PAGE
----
Left Coast firemap
Left Coast firemap

Wash­ing­ton, Ore­gon, Ida­ho, and Cal­i­for­nia con­tin­ued their lurch fur­ther into anoth­er cri­sis lay­ered on top of the coro­n­avirus pan­dem­ic and the sys­temic oppres­sion of BIPOC indi­vid­u­als on Wednes­day as a bar­rage of mas­sive fires (many human caused) raged out of con­trol up and down the Left Coast, threat­en­ing lives and rapid­ly destroy­ing entire towns and rur­al communities.

Ore­gon Gov­er­nor Kate Brown, siz­ing up the poten­tial scale of the cat­a­stro­phe, warned: “It could be the great­est loss in human lives and prop­er­ty in our state’s his­to­ry. My heart goes out to all the fam­i­lies impact­ed by this dev­as­tat­ing event.”

Like oth­er states in the West, Ore­gon has seen — and fought — big fires before. But the con­fla­gra­tions Ore­gon usu­al­ly sees dur­ing fire sea­sons are usu­al­ly in more remote areas in the east as opposed to in or near the major pop­u­la­tion cen­ters in the Willamette Val­ley, which is west of the Cas­cade Mountains.

Because peo­ple live clos­er togeth­er in sub­ur­ban and urban com­mu­ni­ties, it is hard­er to save struc­tures and pre­vent loss of life from a fast mov­ing fire.

The towns of Detroit, Blue Riv­er, Vida, Phoenix and Tal­ent have all been sub­stan­tial­ly destroyed, a very grave Brown said. Blue Riv­er and Vida are locat­ed in Lane Coun­ty, while Detroit is in Mar­i­on Coun­ty and Phoenix and Tal­ent are in Jack­son Coun­ty. Phoenix and Tal­ent have pop­u­la­tions in the thou­sands; Blue Riv­er, Vida, and Detroit have pop­u­la­tions in the hundreds.

Many more towns are at risk of burn­ing to the ground due to the fires.

Fire­fight­ers report that they are stretched thin and sim­ply don’t have the human­pow­er or the resources to prop­er­ly fight the destruc­tive blazes.

The num­ber of fires, the speed at which they are grow­ing, and the adverse weath­er con­di­tions that are ham­per­ing air sup­port are all tak­ing a toll.

One Eugene based fire­fight­er said that as he returned to Lane Coun­ty’s urban cen­ter, he saw “a career’s worth of fires and tragedy in about eigh­teen hours.”

“We’re expe­ri­enc­ing one of those cat­a­stroph­ic Cal­i­for­nia fires we’ve been watch­ing unfold for years. Now they’re at home here in Ore­gon,” Lane Coun­ty Com­mis­sion­er Heather Buch told The Oregonian.

Speak­ing of Cal­i­for­nia, the Gold­en State is expe­ri­enc­ing many more such cat­a­stroph­ic fires, leav­ing the state unable to come to Ore­gon’s aid.

GOES Satellite imagery of Left Coast fires
From NOAA: “On Sep­tem­ber 8th, 2020, the #GOESWest Satel­lite focused in on the #Ore­gon­Fires and #Cal­i­for­ni­aFires. We can not only see all the smoke they pro­duce, but by com­bin­ing Fire Tem­per­a­ture RGB with this Geo­Col­or imagery, we can see the red­dish glow of the hot spots where they originate.”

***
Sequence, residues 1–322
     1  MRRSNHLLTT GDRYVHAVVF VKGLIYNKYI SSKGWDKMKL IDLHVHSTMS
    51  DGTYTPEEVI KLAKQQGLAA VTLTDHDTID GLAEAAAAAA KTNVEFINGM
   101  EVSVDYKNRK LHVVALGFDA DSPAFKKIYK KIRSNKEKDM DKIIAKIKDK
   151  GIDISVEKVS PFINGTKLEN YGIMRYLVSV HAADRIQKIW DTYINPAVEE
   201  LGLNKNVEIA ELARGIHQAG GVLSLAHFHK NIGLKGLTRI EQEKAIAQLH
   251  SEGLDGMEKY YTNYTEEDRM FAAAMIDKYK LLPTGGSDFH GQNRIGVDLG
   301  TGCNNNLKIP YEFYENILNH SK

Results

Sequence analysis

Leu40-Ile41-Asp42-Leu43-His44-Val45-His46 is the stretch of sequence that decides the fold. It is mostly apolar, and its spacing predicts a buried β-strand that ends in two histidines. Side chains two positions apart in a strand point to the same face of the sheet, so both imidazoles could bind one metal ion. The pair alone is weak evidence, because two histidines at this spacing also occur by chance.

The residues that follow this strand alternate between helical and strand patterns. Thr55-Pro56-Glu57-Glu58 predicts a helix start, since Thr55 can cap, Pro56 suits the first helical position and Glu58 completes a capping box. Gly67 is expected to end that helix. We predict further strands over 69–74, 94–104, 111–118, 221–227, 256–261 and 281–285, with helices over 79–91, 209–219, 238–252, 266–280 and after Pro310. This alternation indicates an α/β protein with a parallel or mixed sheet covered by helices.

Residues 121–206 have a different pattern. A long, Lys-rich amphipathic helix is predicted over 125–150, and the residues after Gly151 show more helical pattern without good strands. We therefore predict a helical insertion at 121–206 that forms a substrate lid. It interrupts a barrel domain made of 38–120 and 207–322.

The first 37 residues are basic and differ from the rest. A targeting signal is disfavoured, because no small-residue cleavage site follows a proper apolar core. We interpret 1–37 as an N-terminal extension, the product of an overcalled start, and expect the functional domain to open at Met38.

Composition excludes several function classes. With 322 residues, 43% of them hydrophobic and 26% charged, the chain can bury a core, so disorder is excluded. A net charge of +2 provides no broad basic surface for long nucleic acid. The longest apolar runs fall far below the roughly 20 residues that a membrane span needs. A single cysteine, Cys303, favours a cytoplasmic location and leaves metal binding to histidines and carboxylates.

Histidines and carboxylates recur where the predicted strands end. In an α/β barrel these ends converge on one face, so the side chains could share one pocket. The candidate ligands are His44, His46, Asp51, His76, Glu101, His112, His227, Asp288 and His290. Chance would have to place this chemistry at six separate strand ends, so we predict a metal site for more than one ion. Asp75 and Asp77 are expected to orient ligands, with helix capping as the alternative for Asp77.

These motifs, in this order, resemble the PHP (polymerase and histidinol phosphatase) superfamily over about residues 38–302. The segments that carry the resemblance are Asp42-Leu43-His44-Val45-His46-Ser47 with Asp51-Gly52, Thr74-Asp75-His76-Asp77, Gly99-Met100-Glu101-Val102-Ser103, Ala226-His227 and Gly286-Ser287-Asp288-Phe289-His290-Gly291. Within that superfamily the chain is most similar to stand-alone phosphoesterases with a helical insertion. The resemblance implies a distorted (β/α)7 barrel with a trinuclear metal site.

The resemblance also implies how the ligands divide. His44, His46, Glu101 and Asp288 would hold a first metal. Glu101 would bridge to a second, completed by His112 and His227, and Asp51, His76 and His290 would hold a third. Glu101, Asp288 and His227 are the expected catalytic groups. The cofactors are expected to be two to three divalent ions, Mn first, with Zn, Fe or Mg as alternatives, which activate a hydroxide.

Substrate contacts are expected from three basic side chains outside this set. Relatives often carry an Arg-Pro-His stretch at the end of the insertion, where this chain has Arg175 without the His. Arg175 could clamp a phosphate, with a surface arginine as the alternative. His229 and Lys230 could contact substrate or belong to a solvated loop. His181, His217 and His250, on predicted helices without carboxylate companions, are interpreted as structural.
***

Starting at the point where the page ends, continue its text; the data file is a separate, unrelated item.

“California’s already record-set­ting fire sea­son wors­ened con­sid­er­ably Wednes­day as more than two dozen fires forced thou­sands of res­i­dents from their homes amid grow­ing alarm about a new mon­ster blaze that rapid­ly con­sumed more than 250,000 acres around Oroville and burned an unknown num­ber of struc­tures,” the Los Ange­les Times report­ed in a sto­ry pub­lished at 12:31 PM.

“The sun, which is usu­al­ly reli­able, slept in on Wednes­day,” the San Fran­cis­co Chron­i­cle’s Steve Ruben­stein and Michael Cabanat­u­an wrote. “That’s the way it seemed through­out the Bay Area as the smoke from count­less wild­fires mixed with clouds and fog to tint the sky, and just about every­thing else, a dark burnt orange. Some folks said it felt like liv­ing on the next plan­et over, the red one.”

The town of Par­adise, which was most­ly wiped out two years ago in the Camp Fire, is once again star­ing down an apoc­a­lyp­tic fate due to the afore­men­tioned fire that has already burned hun­dreds of thou­sands of acres near Oroville.

In Wash­ing­ton, State Com­mis­sion­er of Pub­lic Lands Hilary Franz toured the gut­ted town of Malden, near Pull­man, which lost eighty per­cent of its struc­tures on Labor Day. Franz announced that more than 587,000 acres in Wash­ing­ton State have recent­ly burned (over a peri­od of just a few days).

“I won’t soon for­get the dev­as­ta­tion I wit­nessed in Malden today,” Franz said. “Burned down homes, smol­der­ing ash­es, and burn scars on build­ings — it was shock­ing. Through it all, I was amazed by the strength and resilien­cy of May­or Chris­tine Fer­rell and the com­mu­ni­ty. Wild­fire isn’t a dis­tant threat. It’s right here in our back­yards. What I saw today strength­ens my resolve: We need to come togeth­er and com­mit to crit­i­cal invest­ments in wild­fire pre­ven­tion so the tragedy the peo­ple of Malden expe­ri­enced does­n’t hap­pen again.”